Grasas y Aceites, Vol 45, No 1-2 (1994)

Consumer attitudes and olive oil acceptance: The potential consumer

Jean A. McEwan
Department of Sensory Science, Campden Food and Drink Research Association Chipping Campden Glos, United Kingdom


      This paper outlines the results of consumer research to investigate consumer attitudes towards olive oil, and to evaluate selected experimental samples for acceptability.
      Consumer focus group discussions were used to investigate consumer attitudes to and awareness of olive oil, in relation to other culinary oils. A wide range of information was obtained, indicating the increasing importance of olive oil in the UK.
       Product use was examined to investigate the different types of olive oils consumers use, and the importance of different attributes for purchase. Price, quality and colour were the most important considerations for purchasing an olive oil, whilst package design, package material and brand were the least important.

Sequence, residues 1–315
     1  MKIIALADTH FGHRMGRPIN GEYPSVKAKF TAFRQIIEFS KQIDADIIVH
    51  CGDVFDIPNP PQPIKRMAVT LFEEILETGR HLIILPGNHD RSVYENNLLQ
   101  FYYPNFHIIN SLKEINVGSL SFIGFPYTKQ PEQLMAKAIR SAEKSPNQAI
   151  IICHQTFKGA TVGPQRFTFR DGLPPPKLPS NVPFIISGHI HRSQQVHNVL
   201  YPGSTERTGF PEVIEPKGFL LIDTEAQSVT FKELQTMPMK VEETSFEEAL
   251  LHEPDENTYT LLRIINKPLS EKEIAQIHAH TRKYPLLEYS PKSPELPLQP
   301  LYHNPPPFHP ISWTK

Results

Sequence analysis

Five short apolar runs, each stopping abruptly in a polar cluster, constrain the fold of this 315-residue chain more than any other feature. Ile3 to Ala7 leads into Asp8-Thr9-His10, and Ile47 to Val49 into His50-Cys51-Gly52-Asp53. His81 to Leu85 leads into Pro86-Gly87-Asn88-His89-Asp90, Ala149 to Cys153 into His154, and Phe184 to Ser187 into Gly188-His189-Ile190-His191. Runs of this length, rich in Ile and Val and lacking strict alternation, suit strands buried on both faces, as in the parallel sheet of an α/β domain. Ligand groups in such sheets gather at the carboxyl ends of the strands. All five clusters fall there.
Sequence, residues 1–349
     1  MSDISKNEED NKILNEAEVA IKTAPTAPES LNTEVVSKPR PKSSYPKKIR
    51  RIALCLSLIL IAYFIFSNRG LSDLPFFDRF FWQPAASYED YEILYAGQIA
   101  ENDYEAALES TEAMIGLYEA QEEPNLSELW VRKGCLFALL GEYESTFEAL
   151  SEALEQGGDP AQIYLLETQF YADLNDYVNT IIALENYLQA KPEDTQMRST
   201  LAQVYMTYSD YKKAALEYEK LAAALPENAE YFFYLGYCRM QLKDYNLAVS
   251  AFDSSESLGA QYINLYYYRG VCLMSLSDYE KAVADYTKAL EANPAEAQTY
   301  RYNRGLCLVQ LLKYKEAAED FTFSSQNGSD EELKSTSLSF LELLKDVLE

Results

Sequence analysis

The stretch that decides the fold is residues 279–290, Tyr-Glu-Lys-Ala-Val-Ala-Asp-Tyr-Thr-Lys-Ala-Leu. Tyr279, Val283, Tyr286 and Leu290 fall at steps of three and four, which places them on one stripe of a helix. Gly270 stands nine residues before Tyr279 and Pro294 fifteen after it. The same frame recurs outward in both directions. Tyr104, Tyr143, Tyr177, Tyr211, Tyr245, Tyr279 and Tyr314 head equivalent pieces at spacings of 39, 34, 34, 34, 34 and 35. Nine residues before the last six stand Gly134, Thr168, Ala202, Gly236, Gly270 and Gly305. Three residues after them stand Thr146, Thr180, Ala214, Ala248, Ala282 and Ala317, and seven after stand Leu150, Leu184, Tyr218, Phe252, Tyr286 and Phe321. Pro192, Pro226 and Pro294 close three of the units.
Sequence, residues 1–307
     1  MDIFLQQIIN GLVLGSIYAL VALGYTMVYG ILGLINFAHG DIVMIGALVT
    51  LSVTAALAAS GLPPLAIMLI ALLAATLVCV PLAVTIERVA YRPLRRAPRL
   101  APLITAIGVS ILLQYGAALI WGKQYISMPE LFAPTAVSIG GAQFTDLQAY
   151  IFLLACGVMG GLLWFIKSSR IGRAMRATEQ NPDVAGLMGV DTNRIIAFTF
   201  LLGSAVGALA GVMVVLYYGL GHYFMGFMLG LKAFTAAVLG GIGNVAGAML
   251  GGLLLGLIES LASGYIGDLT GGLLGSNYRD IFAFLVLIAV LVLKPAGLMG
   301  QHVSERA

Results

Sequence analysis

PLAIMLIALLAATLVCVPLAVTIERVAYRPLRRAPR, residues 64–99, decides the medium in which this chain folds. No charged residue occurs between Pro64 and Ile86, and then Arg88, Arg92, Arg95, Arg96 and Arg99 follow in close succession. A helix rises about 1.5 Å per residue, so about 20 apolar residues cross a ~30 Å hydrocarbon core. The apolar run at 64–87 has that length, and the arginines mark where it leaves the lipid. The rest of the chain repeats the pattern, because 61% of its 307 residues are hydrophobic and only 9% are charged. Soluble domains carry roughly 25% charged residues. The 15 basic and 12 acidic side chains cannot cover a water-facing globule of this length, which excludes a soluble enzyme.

Eight samples of virgin olive oil were evaluated for acceptability of appearance, odour, flavour and mouthfeel. These data indicated clear differences in acceptability between the samples, particularly on flavour, mouthfeel and overall acceptability. These data were then linked to sensory information to determine the characteristics of oil associated with liking for the product.


Acceptance; Consumer; Olive oil

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Copyright (c) 1994 Consejo Superior de Investigaciones Científicas (CSIC)

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